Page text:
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The Word class represents strings that are tokens or words. A string is a Word, if it is a word. We don't nitpic about whether it is a a pronoun, a name, a punctuation mark or an apostrophe or whether it is separated by white space from another Word or something else. The string 'He enters the room.' for example has 5 words. Words are assigned by a tokenizer NIF Implementation. Single word phrases might be tagged as nif:Word and nif:Phrase. Example 1: "The White House" are three Words separated by whitespace Comment 1: We adopted the definition style from foaf:Person, see here: http://xmlns.com/foaf/spec/#term_Person We are well aware that the world out there is much more complicated, but we are ignorant about it, for the following reasons: Comment 2: 1. NIF has a client-server and the client has the ability to dictate the tokenization to the server (i.e. the NIF Implementation) by sending properly tokenized NIF annotated with nif:Word. All NIF Implementations are supposed to honor and respect the current assignment of the Word class. Thus the client should decide which NIF Implementation should create the tokenization. Therefore this class is not descriptive, but prescriptive. 2. The client may choose to send an existing tokenization to a NIF Implementation, with the capability to change (for better or for worse) the tokenization. The class has not been named 'Token' as the NLP definition of 'token' is descriptive (and not well-defined), while the assignment of what is a Word and what not is prescriptive, e.g. "can't" could be described as one, two or three tokens or defined as being one, two or three words. For further reading, we refer the reader to: By all these lovely tokens... Merging conflicting tokenizations by Christian Chiarcos, Julia Ritz, and Manfred Stede. Language Resources and Evaluation 46(1):53-74 (2012) or the short form: http://www.aclweb.org/anthology/W09-3005 There the task at hand is to merge two tokenization T_1 and T_2 which is normally not the case in the NIF world as tokenization is prescribed, i.e. given as a baseline (Note that this ideal state might not be achieved by all implementations.) Changelog: * 0.1.1 fixed spelling * 0.2.1 added a proper definition. * 0.2.3 added examples and clarifications

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  • 0.2.2
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  • The Word class represents strings that are tokens or words. A string is a Word, if it is a word. We don't nitpic about whether it is a a pronoun, a name, a punctuation mark or an apostrophe or whether it is separated by white space from another Word or something else. The string 'He enters the room.' for example has 5 words. Words are assigned by a tokenizer NIF Implementation. Single word phrases might be tagged as nif:Word and nif:Phrase. Example 1: "The White House" are three Words separated by whitespace Comment 1: We adopted the definition style from foaf:Person, see here: http://xmlns.com/foaf/spec/#term_Person We are well aware that the world out there is much more complicated, but we are ignorant about it, for the following reasons: Comment 2: 1. NIF has a client-server and the client has the ability to dictate the tokenization to the server (i.e. the NIF Implementation) by sending properly tokenized NIF annotated with nif:Word. All NIF Implementations are supposed to honor and respect the current assignment of the Word class. Thus the client should decide which NIF Implementation should create the tokenization. Therefore this class is not descriptive, but prescriptive. 2. The client may choose to send an existing tokenization to a NIF Implementation, with the capability to change (for better or for worse) the tokenization. The class has not been named 'Token' as the NLP definition of 'token' is descriptive (and not well-defined), while the assignment of what is a Word and what not is prescriptive, e.g. "can't" could be described as one, two or three tokens or defined as being one, two or three words. For further reading, we refer the reader to: By all these lovely tokens... Merging conflicting tokenizations by Christian Chiarcos, Julia Ritz, and Manfred Stede. Language Resources and Evaluation 46(1):53-74 (2012) or the short form: http://www.aclweb.org/anthology/W09-3005 There the task at hand is to merge two tokenization T_1 and T_2 which is normally not the case in the NIF world as tokenization is prescribed, i.e. given as a baseline (Note that this ideal state might not be achieved by all implementations.) Changelog: * 0.1.1 fixed spelling * 0.2.1 added a proper definition. * 0.2.3 added examples and clarifications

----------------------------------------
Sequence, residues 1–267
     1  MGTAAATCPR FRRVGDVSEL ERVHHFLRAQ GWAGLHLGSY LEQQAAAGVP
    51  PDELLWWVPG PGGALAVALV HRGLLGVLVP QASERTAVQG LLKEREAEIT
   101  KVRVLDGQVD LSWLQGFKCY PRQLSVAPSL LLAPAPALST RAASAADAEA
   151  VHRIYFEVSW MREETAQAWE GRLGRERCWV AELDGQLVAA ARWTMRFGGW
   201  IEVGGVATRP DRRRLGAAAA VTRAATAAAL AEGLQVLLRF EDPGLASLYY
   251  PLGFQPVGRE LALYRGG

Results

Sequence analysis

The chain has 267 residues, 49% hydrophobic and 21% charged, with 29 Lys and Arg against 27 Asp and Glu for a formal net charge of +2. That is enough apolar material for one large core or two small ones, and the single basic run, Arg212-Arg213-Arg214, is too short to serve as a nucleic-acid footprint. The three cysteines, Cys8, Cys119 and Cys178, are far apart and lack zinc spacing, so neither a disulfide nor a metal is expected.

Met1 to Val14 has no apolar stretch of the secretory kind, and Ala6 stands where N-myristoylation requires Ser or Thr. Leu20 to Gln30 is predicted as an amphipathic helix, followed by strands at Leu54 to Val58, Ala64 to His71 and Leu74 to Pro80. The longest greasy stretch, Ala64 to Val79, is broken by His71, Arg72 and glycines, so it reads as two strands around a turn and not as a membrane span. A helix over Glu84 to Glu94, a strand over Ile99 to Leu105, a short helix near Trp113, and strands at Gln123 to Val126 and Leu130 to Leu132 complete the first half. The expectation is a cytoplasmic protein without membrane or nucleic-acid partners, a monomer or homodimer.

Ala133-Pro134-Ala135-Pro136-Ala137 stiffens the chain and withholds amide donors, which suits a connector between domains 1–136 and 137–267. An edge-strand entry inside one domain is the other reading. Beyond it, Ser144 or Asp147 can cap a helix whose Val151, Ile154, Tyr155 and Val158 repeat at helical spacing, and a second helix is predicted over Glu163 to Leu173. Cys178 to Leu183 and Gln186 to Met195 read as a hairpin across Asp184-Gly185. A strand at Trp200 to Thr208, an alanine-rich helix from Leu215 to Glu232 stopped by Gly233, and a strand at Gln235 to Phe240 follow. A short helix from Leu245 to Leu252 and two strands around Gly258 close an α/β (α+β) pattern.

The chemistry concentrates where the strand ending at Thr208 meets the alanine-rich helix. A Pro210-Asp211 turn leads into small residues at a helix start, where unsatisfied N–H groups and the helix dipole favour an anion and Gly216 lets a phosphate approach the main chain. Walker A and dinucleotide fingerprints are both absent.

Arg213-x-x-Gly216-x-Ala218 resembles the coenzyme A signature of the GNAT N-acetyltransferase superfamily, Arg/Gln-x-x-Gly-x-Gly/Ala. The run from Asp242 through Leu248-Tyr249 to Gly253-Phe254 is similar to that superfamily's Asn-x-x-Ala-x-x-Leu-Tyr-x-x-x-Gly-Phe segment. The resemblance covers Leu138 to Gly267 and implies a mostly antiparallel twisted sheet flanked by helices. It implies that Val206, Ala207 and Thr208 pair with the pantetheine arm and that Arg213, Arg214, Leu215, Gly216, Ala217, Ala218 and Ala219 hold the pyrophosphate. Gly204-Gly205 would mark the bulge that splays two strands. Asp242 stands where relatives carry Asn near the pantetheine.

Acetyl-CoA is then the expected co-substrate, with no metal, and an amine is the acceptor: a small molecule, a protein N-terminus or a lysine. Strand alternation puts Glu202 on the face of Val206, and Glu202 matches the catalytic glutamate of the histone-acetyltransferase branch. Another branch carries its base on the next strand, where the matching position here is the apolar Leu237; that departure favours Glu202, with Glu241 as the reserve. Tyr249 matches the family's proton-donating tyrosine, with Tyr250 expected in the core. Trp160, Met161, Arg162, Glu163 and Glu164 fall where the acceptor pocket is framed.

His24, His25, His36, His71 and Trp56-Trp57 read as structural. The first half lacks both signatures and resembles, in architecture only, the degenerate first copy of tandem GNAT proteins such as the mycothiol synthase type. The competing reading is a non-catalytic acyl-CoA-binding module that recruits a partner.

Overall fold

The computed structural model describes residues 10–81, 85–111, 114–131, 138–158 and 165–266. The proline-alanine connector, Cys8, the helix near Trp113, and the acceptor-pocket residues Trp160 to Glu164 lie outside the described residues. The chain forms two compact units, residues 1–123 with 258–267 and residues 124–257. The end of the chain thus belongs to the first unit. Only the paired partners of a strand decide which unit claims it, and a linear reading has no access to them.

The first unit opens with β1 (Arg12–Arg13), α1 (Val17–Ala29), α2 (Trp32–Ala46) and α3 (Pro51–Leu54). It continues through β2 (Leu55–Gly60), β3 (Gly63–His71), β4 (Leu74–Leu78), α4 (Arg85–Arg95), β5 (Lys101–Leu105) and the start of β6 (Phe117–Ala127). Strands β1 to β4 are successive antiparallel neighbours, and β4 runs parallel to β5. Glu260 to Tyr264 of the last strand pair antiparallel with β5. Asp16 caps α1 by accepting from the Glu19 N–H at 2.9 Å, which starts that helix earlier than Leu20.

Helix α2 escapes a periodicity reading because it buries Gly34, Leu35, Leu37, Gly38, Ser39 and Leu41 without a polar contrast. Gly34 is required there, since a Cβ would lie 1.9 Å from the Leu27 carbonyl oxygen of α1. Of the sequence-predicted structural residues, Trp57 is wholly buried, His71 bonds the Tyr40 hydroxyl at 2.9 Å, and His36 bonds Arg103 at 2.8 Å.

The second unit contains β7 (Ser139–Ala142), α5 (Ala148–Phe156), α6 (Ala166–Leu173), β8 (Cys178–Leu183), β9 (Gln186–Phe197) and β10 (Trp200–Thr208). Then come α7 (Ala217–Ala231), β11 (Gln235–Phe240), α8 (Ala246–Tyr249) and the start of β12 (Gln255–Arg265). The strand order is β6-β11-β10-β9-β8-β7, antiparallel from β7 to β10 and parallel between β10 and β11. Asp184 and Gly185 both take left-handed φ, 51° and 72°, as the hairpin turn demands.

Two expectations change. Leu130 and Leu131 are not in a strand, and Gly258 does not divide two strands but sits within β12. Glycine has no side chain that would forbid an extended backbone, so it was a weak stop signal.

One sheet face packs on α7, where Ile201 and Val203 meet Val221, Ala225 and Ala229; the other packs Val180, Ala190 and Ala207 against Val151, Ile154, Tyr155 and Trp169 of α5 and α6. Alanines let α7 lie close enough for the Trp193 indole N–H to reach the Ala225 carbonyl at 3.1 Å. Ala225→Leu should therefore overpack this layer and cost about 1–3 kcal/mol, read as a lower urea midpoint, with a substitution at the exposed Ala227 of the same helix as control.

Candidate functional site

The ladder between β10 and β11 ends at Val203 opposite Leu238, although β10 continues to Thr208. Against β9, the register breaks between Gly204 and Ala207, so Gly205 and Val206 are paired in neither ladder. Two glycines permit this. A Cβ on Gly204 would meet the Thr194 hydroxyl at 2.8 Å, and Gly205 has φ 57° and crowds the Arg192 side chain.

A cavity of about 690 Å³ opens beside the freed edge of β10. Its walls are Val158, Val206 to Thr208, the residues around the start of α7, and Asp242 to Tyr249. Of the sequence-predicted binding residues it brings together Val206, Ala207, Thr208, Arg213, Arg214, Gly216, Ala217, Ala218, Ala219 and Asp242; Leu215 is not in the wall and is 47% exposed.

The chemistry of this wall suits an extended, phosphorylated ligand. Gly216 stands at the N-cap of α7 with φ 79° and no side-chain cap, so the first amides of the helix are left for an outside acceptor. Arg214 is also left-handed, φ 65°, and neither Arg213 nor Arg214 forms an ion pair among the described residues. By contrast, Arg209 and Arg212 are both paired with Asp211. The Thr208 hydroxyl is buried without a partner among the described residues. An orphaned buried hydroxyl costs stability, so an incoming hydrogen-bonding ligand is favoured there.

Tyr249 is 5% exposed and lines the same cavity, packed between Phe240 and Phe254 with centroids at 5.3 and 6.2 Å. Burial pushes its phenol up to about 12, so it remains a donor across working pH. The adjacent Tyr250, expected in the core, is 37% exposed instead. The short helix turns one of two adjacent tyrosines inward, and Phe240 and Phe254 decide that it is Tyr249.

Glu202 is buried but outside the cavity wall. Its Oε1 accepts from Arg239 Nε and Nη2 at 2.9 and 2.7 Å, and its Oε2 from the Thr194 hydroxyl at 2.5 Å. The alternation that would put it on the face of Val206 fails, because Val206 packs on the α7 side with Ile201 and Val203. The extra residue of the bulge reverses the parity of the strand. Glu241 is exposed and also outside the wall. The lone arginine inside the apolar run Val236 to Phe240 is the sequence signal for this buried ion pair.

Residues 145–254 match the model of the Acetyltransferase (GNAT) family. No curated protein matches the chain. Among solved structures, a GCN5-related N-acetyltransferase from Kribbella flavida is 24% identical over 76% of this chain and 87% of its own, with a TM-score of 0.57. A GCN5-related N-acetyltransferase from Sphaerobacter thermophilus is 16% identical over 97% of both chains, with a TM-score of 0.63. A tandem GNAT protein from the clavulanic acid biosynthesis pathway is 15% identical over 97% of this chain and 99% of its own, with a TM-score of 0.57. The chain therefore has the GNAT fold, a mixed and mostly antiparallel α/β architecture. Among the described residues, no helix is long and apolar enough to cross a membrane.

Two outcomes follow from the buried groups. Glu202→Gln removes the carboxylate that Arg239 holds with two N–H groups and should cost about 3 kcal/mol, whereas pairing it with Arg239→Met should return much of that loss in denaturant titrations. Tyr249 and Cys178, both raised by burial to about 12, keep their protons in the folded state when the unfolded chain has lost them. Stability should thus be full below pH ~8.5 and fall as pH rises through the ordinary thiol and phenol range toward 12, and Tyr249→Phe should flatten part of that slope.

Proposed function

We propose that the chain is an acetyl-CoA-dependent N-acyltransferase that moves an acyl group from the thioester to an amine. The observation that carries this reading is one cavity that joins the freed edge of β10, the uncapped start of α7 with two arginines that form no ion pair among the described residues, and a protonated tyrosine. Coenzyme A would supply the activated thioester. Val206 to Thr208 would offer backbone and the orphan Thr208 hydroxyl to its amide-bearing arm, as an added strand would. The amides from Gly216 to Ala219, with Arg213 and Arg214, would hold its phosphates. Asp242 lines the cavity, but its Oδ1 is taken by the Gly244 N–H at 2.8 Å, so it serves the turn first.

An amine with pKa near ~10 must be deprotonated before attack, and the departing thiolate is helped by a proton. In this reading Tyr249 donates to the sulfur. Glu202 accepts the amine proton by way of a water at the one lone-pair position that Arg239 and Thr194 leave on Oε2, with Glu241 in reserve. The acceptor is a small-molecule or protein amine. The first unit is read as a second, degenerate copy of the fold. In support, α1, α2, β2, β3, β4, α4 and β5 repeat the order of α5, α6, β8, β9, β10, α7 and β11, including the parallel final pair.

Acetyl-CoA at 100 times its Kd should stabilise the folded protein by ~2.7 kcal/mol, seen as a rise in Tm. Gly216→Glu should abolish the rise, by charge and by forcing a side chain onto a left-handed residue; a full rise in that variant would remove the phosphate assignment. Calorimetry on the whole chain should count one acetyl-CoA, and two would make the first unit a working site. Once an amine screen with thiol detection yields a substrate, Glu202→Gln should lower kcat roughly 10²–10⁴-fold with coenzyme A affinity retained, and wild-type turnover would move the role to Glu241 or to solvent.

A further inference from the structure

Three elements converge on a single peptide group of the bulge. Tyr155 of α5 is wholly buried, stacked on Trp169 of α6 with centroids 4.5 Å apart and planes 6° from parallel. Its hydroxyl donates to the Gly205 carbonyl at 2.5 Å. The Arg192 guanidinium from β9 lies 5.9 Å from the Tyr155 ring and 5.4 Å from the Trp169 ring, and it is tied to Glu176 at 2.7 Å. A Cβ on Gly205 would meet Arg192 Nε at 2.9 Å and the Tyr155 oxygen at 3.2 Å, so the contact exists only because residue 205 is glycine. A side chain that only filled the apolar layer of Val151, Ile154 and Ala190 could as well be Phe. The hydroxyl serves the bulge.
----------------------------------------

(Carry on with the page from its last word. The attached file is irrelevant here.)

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  • Word
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